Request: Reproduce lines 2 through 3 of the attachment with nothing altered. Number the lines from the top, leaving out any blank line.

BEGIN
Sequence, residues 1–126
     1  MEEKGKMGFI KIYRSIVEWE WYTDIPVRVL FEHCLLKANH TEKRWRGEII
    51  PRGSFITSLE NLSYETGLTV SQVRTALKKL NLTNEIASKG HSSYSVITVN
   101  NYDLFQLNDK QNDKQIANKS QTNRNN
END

     1  MEEKGKMGFI KIYRSIVEWE WYTDIPVRVL FEHCLLKANH TEKRWRGEII
    51  PRGSFITSLE NLSYETGLTV SQVRTALKKL NLTNEIASKG HSSYSVITVN